Tuesday, November 5, 2013
The top 5 locations to photograph the world’s most unique birds
If you don't mind a little isolation, however, spend a few days on far-flung Saunders Island, especially a little-known spot called "the Neck." On this narrow strip of land, miles from anyone or anything, you'll be utterly surrounded by wildlife. Four species of penguins nest here, and it's a short wander to a massive black-browed albatross colony, along a windswept ridge, or a rockhopper penguin bathing pool. In places like that, with all the time you need, you're almost guaranteed to get world-class pictures.
No list of penguin places would be complete without mentioning Antarctica itself. It is, simply said, one of the most glorious places on Earth, a feast for the senses, with spectacular landscapes, round-the-clock light and immense colonies of penguins. I met my first penguin here, an emperor, back when most pictures were still taken on Kodachrome.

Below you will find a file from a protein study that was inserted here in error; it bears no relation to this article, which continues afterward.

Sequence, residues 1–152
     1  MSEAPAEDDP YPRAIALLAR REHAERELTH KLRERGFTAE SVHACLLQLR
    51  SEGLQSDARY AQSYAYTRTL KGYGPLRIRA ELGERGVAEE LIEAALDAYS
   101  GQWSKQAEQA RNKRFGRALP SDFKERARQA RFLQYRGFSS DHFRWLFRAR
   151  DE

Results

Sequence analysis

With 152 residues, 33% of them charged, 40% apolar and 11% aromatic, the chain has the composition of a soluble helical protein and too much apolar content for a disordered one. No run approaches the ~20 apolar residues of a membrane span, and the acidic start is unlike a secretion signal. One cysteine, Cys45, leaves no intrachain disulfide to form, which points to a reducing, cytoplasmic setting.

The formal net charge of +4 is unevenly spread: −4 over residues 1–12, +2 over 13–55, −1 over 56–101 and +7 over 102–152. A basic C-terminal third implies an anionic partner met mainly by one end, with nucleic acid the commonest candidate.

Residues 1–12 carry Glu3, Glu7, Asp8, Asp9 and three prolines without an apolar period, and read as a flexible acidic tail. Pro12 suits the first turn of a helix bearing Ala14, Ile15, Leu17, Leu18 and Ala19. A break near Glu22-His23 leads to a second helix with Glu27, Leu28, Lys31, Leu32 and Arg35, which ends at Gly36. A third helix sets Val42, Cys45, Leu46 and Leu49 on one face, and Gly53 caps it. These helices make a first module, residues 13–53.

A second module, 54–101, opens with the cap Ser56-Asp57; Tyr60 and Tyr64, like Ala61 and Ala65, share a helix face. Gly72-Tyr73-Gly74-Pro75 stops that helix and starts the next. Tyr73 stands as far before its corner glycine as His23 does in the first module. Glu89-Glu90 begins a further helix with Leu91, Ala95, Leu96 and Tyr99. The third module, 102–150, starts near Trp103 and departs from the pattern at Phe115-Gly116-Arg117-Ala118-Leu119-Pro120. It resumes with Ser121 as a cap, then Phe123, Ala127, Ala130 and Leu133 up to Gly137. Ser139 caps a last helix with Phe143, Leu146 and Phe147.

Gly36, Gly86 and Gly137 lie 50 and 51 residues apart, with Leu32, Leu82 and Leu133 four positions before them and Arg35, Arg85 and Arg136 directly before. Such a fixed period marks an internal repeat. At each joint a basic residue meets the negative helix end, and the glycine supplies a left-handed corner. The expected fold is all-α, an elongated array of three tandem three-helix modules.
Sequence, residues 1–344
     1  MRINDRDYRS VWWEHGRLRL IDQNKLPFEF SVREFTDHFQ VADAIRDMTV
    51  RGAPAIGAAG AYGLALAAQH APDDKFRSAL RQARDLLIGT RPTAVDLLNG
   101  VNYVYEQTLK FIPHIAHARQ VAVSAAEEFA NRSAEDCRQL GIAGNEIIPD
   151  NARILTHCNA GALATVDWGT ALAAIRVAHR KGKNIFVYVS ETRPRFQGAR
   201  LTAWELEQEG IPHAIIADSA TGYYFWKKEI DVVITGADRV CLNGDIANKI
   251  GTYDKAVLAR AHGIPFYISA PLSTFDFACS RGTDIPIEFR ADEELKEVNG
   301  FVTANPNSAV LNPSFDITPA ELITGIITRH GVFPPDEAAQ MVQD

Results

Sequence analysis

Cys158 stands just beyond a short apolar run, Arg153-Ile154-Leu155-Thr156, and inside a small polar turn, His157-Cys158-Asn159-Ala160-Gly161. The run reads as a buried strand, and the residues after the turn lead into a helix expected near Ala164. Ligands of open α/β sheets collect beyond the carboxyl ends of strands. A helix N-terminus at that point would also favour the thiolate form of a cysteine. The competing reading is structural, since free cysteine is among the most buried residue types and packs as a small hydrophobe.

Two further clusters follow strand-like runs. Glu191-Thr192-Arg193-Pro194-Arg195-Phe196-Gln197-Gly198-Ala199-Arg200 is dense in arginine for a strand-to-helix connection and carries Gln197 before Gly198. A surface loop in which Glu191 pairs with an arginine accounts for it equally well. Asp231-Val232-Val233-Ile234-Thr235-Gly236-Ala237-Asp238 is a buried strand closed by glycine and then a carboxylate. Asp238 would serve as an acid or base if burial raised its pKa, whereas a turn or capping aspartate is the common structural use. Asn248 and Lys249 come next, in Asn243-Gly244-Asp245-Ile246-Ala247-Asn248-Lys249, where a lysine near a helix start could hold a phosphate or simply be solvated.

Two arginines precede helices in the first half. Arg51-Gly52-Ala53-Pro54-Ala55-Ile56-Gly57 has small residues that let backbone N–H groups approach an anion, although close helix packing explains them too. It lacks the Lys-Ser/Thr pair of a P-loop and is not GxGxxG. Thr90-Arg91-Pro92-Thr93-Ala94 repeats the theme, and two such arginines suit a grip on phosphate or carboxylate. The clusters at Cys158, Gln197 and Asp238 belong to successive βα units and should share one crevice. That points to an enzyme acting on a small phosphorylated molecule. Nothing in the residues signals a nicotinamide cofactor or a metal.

Today, however, it's still as close to Mecca as it gets in the penguin world. And if you want to see the penguins of your imagination—lounging around on icebergs or being chased by leopard seals—this is the place. The only downside, however, is that it's not a place you can really explore on your own; Antarctica requires a cruise ship and a considerable amount of money.
Here's what I suggest: Justify the breathtaking expense by remembering that this is a once-in-a-lifetime trip (or at least until your next one) to one of the most beautiful places you'll ever see. Oh, yeah, and there are a lot of penguins.
The Antarctic Peninsula is where most trips go, and it can be magical, especially in January, when penguins have chicks and the whales are starting to arrive. Come much earlier, and you can still be wading in snow; much later, and the world turns to mud and squalor.
If you can, make sure your trip includes the island of South Georgia, arguably the most staggering collision of mountain scenery and wildlife anywhere I've ever been. This is the home of king penguins, stately birds whose colonies may number in the hundreds of thousands. Bring plenty of memory cards and prepare to be stunned—and enchanted.
Kevin Schafer trained as a seabird biologist before becoming a full-time wildlife photographer in the 1990s. The new edition of his book, Penguin Planet, was released in October 2013. See more of his work at www.kevinschafer.com and at www.outdoorphotographer.com/blog on the OP Blog.
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